Abstract

As automated red blood cell (RBC) collections become more prevalent, sterile dock filtration will continue to be an important means of leukoreduction (LR). This study evaluated the performance of the Baxter Sepacell RS-2000 sterile dock leukocyte reduction filter set with RBCs collected using Trima, which were filtered either immediately at ambient temperature, or refrigerated and then filtered 6–8 or 68–72 hours post-collection. 180 RBC units were collected using Trima (Gambro BCT, Lakewood, CO) and filtered with the Sepacell RS-2000 (Baxter Healthcare, Deerfield, IL). Units within Group A (n=60) were filtered at ambient temperature immediately after collection. Units within Group B (n=60) and C (n=60) were refrigerated and filtered at 6–8 or 68–72 hours post-collection respectively. Pre- and Post-filtration hematocrits were performed on the Cell-Dyn 3700 (Abbott Laboratories, Abbott Park, IL) to determine RBC percent recovery. Residual leukocytes in the final product were counted using either the FACSCalibur flow cytometer (BD Biosciences, San Jose, CA). Relevant data is presented in Table 1 below. This study demonstrated that the Sepacell RS-2000 (LeukoConnect) sterile dock filter yielded red cell units that met or exceeded the FDA and AABB standards for leukoreduction when filtering refrigerated red blood cell (RBC) units collected on Trima at 6–8 or 68–72 hours post-collection. 60 out of 60 (100%) LR-RBC units in Groups B and C contained residual white blood cell (WBC) counts at or below the limit of detection of 0.3 x 105. 55 of 60 (92%) LR-RBC units in Group A contained residual WBC < 5x106. 38 of 60 (63 %) LR-RBC units within this group contained residual WBC = 1x106. The hold-time prior to ambient filtration for Group A averaged 1:37 ± 0:18. Filtration was initiated < 3 hours post-collection for all units within this group. There is speculation that a correlation may exist between the temperature of the unit at the time of filtration and leukocyte reduction performance for this filtration condition. This correlation was not assessed by this study and warrants further investigation. It was also noted that 11 out of 180 total units (6%) achieved RBC recovery results slightly less than 85%. Unexpected variability in volume recovery for these units can be attributed to inadequate drainage time of the filter. Allowing additional time for complete drainage of the filter would be expected to result in all units achieving > 85% recovery. Table 1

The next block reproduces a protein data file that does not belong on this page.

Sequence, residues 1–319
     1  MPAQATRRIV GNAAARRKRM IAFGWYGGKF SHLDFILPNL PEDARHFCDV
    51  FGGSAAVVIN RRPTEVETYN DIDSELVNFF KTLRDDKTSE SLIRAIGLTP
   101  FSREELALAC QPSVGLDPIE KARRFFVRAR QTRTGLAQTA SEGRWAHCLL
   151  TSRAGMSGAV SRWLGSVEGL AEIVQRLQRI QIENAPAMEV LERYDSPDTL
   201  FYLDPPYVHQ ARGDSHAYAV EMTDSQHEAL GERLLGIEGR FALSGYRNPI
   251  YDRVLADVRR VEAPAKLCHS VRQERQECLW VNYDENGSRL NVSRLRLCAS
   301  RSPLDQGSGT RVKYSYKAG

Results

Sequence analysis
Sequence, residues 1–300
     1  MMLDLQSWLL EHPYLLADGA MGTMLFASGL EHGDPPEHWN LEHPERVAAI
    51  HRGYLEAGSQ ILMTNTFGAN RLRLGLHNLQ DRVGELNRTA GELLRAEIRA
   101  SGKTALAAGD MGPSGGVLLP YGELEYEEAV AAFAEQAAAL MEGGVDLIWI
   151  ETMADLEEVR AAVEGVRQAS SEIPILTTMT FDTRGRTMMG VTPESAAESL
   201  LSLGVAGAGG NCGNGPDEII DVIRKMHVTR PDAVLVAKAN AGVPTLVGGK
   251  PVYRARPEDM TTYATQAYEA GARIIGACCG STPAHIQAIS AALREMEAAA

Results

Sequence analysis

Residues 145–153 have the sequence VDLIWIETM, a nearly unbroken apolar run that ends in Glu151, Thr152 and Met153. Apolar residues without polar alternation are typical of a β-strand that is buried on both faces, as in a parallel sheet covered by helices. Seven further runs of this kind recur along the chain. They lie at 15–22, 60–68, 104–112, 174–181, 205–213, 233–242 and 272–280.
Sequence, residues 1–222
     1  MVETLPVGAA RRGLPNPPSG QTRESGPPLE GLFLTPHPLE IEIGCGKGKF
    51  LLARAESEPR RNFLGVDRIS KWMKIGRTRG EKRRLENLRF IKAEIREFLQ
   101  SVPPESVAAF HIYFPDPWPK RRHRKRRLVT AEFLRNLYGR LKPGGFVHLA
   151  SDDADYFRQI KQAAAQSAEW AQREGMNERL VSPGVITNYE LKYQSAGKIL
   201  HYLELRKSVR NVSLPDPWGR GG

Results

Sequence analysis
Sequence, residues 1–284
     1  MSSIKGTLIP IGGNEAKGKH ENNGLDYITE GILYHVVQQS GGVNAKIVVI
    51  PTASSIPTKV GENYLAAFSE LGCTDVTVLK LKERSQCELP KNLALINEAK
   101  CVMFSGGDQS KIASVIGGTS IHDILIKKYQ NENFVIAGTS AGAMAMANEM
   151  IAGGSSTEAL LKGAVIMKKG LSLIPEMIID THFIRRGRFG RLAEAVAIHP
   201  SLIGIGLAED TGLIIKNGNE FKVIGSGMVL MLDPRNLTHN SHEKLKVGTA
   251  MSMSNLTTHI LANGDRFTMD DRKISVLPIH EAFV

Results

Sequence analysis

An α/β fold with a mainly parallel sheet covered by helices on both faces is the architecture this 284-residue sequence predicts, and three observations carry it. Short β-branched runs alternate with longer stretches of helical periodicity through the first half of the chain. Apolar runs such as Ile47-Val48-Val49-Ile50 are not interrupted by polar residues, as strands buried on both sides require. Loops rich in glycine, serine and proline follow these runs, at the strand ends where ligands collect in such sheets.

ParametersGroup AGroup BGroup C
Mean ± SD (n=60) (n=60) (n=60) 
Storage & Filtration Condition Ambient (< 3hrs) 1–6°C (6–8hrs) 1–6°C (68–72hrs) 
Filtration Time (min) 11 ± 1 24 ± 5 27 ± 6 
Residual WBC count (1x1061.81 ± 3.33 0.30 ± 0.00 0.30 ± 0.00 
% RBC Recovery 88 ± 2 87 ± 2 88 ± 2 
ParametersGroup AGroup BGroup C
Mean ± SD (n=60) (n=60) (n=60) 
Storage & Filtration Condition Ambient (< 3hrs) 1–6°C (6–8hrs) 1–6°C (68–72hrs) 
Filtration Time (min) 11 ± 1 24 ± 5 27 ± 6 
Residual WBC count (1x1061.81 ± 3.33 0.30 ± 0.00 0.30 ± 0.00 
% RBC Recovery 88 ± 2 87 ± 2 88 ± 2 

Author notes

Corresponding author